First let’s challenge the idea that we are, actually, doing the same thing again and again, when we meditate.

This question comes up often amongst practitioners of Zen. Even those who have been training in zazen for years will sometimes seem to “plateau,” interpreting their experience as flattening out, hitting a wall, etc. And for newcomers, this is often the most persistent, nagging concern, when they do not see immediate results. It is easy to say, “just sit,” in the face of this and all other discouragement that arises, but it is also too facile. We want to encourage raising this point again and again.

Our new Thursday evening program at ASZC, “ZENtalk,” is focused on this question. We interview various folks at different stages of training in Zen, from the rank newcomer to old-timers, as well as the occasional guest who may have no experience at all with Zen, but may be pursuing another, related path of interest. The “show” is featured online on our Facebook page and archive on our YouTube channel, as well as streamed live on Mixlr.

We feel it is increasingly important, at this time and in this cultural milieu, to allow the general audience interested in Zen to hear from people from all walks of life, and diversity in terms of age, gender, ethnicity, profession, etcetera, as to why they practice its strict form of meditation, zazen. Zen is mainstreaming in America, but it is still not understood, let alone practiced, by anywhere near a majority of our fellow citizens. Without first-person testimony as to the uniqueness of Zen’s stripped-down design for upright, “quiet illumination” meditation, it is likely to be lost in the smorgasbord of popular meditations currently on offer in the public realm.

Bill Murray, mentioned in last month’s Dharma Byte in relation to his performance in “Scrooged,” also starred in an iconic film that seems to be in constant rerun status on TV, “Groundhog Day.” He wakes up, day after day, to the same day — marked by the iconic, but irritating, “I Got You Babe” by Sonny Bono — on his radio alarm. But he is the only one who is aware of this anomaly in the ordinary passage of time. As a consequence, he becomes liberated from his obsessive approach to doing what he is supposed to be doing — namely reporting on Punxutawney Phil, the groundhog, an assignment he feels is beneath his dignity — and finds that he has the time to do the many, more meaningful things he always wanted to do, including play jazz piano, and mastering ice sculpture. He also finds the time to fall in love with, and to woo, and win, the love of his life.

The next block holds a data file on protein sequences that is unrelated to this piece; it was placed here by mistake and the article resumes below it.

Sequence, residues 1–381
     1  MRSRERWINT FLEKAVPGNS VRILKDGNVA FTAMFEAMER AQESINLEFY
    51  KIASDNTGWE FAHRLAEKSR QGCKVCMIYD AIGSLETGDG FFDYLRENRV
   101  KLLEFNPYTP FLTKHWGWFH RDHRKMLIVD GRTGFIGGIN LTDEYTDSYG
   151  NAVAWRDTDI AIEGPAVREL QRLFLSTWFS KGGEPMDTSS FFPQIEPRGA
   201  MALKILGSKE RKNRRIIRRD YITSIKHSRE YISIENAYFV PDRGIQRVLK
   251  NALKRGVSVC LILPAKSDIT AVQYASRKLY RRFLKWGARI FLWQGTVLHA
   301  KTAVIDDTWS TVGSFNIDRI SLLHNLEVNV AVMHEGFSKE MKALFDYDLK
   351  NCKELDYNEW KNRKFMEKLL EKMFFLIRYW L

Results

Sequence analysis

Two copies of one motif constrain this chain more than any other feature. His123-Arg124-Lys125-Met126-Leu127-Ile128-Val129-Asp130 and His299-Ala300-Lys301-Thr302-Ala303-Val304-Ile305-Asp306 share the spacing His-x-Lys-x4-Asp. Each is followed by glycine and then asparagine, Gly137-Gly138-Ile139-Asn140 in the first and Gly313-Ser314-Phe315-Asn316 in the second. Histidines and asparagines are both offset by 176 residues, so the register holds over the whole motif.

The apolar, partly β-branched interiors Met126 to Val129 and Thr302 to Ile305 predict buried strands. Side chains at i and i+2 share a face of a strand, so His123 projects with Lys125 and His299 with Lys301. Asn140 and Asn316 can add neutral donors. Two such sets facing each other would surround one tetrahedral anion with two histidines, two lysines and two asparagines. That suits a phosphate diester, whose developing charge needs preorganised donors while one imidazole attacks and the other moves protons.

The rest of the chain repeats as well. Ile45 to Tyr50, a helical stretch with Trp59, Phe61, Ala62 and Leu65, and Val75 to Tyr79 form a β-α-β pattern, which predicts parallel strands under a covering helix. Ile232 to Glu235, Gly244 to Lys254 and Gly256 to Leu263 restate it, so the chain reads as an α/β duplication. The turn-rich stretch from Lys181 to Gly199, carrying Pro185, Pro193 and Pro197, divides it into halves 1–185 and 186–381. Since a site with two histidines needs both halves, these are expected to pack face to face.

The plot is said to mimic the life of a Bodhisattva, according to one online commentator (see The article leads off with a quote from Master Dogen:

The life of one day is enough to rejoice. Even though you live for just one day, if you can be awakened, that one day is vastly superior to one endless life of sleep. . . . If this day in the lifetime of a hundred years is lost, will you ever touch it with your hands again?

Note the reference to an endless life of sleep. When Buddha came down off of the mountain, the story goes, his fellow ascetics, noting he had changed in aspect, asked him what he was. He is said to have said, “I am awake; I am fully awake.” He was thereafter called Buddha, which means the fully awakened one. We value life itself, going to great lengths to extend it, but in Zen it is considered worthless unless lived fully, in other words, unless we, too, wake up.

This brings up an oversimplification of the fundamental proposition of Zen: We were all asleep last night (with the exception of the night shift), and we all woke up this morning. And we know the difference, which is like night and day. Buddhism suggests that we are still asleep, to a degree, and that we can still wake up from this so-called waking state. And that we will just as surely know the difference.

If and when this change occurs, it changes everything, yet changes nothing. Nothing in the world is magically changed, yet the meaning of our life, with all its dreariness, changes for the better, and completely.

I have to admit that as time goes on, my own daily life often seems to be a rerun of the same-old-same-old patterns of demands and responses. For example, when I am striving to meet a deadline, and especially when nothing seems to be working. Mindlessly doing the same thing over and over, hoping for different results, is a well-known version of the famous line, “that way lies madness,” from “King Lear.”

But in Zen, we intentionally do the same thing over and over: we meditate. So are we hoping for different results, with consequent disappointment? Or are we not expecting different results. Can we meditate without expecting any results at all?

First let’s challenge the idea that we are, actually, doing the same thing again and again, when we meditate. One of the most artful accomplishments of “Groundhog Day” is that the same scenes are filmed again and again, with only Bill Murray’s part differing, as far as can be detected, at least, from the vicarious perspective of the viewing audience.

Having worked on a feature film as prop master — where my role was to make sure that all the material props in a given scene stay where they are supposed to be, take after take, instead of magically moving from one spot to another — I can appreciate how difficult, technically, that must have been. I feel sure that if you were to compare like scenes from “Groundhog Day” side-by-side, you would be able to point out the subtle differences. But in the theater, with the flow of time, short-term memory detail is lost. And the suspension of disbelief allows for the repetitive scene to be perceived as a perfect do-over.

But in fact, of course, it is physically impossible to replicate the same events, the same action, the same dialog, twice. So again, kudos to the skill of the actors, director and cameramen, not to mention the stagehands on the set, for the illusion.